Six firemen were injured: Donald Duffy (a fractured vertebra when he slipped on a ladder), Richard Tortolano (Duffy fell on him, cutting Tortolano above one eye and giving him “a beautiful shiner”), Lloyd Dexter (scalp lacerations and a slight concussion), William Cookson (cuts and a bruised hand) Joseph Sherman (a cut hand), and Russell Kettelle (a frostbitten hand). Amazingly, none of the injured, some of whom were transported to Kent County Memorial Hospital for treatment, suffered burns. Apparently, no cause for the blaze ever surfaced in the Pendulum.
By early May 1967, a bigger and better Benny’s was back. “When we looked at the mess that greeted us Saturday morning after the fire, the job looked hopeless,” Malcolm Bromberg, president of the then-30-store chain and son of Benny, said that glorious day. “But we’ve been in East Greenwich so long—and have so many friends here—we were determined to rebuild right on the spot.”
Benny’s added a new three-bay garage to the rear of the store, replacing the ancient O’Brien’s garage at the back end of the lot (some loved Benny’s new-Cooper tire smell; other couldn’t stand it). Things hummed along for decades. “Auto mechanic, full-time, year round work with benefits,” a 1979 classified ad said. “Apply to manager, Benny’s, 609 Main Street, East Greenwich.”
But for a second time, Benny’s growth in East Greenwich forced the family-owned business to look for new quarters. And, like the morning sun rising over Greenwich Cove, scuttlebutt arose again. “Rumors among local merchants have the Benny’s store on Main Street moving to a location at the Post Road plaza” further south on Route 1, the Pendulum reported in July 1993. The next week rumor became fact, as Benny’s confirmed it had purchased the plaza for $2.64 million and would make it its third, and final, East Greenwich home. It would be about five times bigger than the store at 609 Main Street—15 times bigger than its original E.G. location at 232 Main Street. “We feel that with the added room we can offer our customers a fuller assortment of merchandise,” Benny’s vice president Arnold Bromberg—Malcolm’s son and Benny’s grandson—said on the front page of the July 8, 1993, Pendulum.
Just like its first move, Benny’s officials teased the town with the notion of keeping both stores open. But in January 1994, Thorpe’s Liquors bought 609 Main Street, where it remains today.
Yet something was lost in the move. It no longer looked like a Christmas present ready for unwrapping. It looked, kinda, like a W.T. Grants. Even so, Benny’s lasted 41 years longer than Grants, which had a local outpost on Post Road in North Kingstown for about 15 years beginning in the early 1960s. Part of Benny’s charm, of course, was that it didn’t seek to keep up with the times. Rhode Islanders took pride in its decidedly old-fashioned aura.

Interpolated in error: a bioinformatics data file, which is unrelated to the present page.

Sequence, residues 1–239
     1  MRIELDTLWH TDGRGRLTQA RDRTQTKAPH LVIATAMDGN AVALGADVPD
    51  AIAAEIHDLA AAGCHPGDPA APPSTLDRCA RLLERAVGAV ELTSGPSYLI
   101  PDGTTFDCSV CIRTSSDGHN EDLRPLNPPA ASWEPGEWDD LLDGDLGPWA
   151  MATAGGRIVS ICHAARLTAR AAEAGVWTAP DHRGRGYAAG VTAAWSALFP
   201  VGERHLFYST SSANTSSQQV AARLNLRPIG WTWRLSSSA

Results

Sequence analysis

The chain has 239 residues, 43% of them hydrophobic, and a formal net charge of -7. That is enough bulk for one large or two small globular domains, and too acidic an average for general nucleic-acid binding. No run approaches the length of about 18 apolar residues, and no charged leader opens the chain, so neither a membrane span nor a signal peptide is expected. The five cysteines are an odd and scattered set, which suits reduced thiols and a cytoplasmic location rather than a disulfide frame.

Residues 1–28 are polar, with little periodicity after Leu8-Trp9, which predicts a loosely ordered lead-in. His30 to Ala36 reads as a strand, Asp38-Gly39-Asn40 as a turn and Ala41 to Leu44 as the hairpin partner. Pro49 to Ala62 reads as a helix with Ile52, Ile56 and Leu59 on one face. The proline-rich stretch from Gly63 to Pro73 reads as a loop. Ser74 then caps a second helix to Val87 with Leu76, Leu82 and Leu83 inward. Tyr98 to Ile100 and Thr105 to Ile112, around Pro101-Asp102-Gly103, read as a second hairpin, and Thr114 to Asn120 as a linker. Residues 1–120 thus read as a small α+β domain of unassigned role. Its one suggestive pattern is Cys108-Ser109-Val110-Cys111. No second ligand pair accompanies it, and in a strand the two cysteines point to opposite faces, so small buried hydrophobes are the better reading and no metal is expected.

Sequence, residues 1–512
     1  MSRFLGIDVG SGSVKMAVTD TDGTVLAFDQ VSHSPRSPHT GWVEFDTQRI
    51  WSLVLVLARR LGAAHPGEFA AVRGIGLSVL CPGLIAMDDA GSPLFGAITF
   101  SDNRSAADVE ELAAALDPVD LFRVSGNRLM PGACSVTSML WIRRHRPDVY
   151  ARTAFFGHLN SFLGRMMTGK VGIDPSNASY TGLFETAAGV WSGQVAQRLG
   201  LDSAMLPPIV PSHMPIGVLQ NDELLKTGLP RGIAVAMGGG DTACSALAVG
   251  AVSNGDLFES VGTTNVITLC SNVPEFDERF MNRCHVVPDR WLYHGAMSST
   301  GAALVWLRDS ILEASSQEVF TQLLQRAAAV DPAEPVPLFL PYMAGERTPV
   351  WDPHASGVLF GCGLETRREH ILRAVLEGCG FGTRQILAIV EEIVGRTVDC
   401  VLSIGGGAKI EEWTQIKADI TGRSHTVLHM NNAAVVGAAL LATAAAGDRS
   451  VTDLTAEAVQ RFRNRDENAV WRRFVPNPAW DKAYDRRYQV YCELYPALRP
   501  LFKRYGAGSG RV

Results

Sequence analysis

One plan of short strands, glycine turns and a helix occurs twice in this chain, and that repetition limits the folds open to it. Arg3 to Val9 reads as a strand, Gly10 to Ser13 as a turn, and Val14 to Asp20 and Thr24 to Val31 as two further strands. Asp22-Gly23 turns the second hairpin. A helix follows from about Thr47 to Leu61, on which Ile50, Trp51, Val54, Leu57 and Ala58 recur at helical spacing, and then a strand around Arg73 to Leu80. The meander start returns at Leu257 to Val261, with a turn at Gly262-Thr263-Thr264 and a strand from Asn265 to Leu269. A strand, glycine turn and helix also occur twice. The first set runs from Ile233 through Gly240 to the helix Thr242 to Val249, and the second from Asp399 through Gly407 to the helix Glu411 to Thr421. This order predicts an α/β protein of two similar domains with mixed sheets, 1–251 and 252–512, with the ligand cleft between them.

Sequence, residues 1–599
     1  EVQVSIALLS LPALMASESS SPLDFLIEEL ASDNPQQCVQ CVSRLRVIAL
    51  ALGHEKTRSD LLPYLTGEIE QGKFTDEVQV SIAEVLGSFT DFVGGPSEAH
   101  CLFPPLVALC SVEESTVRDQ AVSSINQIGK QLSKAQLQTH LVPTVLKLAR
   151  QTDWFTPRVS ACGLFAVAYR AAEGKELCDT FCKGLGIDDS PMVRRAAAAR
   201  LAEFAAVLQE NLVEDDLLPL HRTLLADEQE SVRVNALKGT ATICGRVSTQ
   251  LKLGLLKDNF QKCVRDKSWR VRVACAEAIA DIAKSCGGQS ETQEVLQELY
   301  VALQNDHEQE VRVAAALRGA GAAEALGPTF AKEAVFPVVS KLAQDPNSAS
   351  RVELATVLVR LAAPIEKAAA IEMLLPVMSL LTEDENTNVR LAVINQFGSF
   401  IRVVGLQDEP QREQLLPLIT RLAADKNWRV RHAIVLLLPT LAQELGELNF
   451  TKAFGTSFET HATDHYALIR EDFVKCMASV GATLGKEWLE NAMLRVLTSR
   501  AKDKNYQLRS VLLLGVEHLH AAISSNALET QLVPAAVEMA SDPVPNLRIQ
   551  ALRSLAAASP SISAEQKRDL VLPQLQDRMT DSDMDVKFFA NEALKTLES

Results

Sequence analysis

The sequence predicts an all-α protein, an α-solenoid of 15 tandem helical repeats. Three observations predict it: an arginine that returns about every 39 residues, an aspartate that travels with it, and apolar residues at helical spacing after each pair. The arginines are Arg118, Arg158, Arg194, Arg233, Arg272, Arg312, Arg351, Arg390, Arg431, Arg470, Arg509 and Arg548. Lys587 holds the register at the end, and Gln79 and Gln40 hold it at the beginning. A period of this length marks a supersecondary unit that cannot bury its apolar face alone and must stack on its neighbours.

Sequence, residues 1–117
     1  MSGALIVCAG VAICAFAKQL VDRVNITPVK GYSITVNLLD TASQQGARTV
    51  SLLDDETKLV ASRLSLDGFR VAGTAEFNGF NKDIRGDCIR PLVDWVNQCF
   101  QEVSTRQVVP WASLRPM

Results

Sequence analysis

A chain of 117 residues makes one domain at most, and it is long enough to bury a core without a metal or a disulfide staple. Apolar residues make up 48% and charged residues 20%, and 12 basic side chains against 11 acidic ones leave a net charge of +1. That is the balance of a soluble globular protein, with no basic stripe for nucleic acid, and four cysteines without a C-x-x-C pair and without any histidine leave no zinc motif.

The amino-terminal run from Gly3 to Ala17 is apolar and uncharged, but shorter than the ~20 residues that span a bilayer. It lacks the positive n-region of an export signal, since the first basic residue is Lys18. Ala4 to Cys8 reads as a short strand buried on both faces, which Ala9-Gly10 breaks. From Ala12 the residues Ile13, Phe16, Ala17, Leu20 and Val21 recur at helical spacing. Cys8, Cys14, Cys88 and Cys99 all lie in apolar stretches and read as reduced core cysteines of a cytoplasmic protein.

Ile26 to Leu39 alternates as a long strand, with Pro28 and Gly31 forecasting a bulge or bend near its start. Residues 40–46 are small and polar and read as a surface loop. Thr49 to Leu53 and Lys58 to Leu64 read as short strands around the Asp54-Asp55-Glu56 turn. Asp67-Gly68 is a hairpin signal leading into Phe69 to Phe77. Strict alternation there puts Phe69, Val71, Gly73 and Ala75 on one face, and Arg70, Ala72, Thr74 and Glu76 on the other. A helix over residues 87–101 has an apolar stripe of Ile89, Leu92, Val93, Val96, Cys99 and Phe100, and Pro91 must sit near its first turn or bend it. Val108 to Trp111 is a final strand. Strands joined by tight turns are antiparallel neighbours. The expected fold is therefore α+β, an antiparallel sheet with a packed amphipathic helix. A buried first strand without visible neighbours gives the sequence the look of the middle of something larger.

But nostalgia is an off-line luxury in a world of Amazon.
In July, Diane and I stopped by a Benny’s in Warwick. We were looking for a football to bring to the beach house we rented for a week, after we couldn’t find one at Ocean State Job Lot. That says a lot. So does the fact that the football wasn’t touched during our week on the bay. We had no idea as we left the Wildes Corner store that it marked our final crossing of a Benny’s threshold.
The shuttering of an icon like Benny’s forces you to compare what was with what is. Folks who have been alive for most of Benny’s existence will invariably find today lacking, and the prospect of a Bennyless 2018 bleak.
F. Scott Fitzgerald had it right. “So we beat on, boats against the current, borne back ceaselessly into the past,” he wrote in The Great Gatsby in 1924, the same year Benny’s was founded. Those words adorn his grave, and that of his wife, Zelda Sayre, not far from my Maryland home.
Back in East Greenwich, Grandma now rests in Glenwood Cemetery. Hollis Hawkins is buried in the Rhode Island Veterans Memorial Cemetery in Exeter.
Benny’s will soon join them.
But we shouldn’t mourn its loss. Instead, we should toast the way it served Rhode Islanders—especially kids of a certain age—for nearly a century.
– Mark Thompson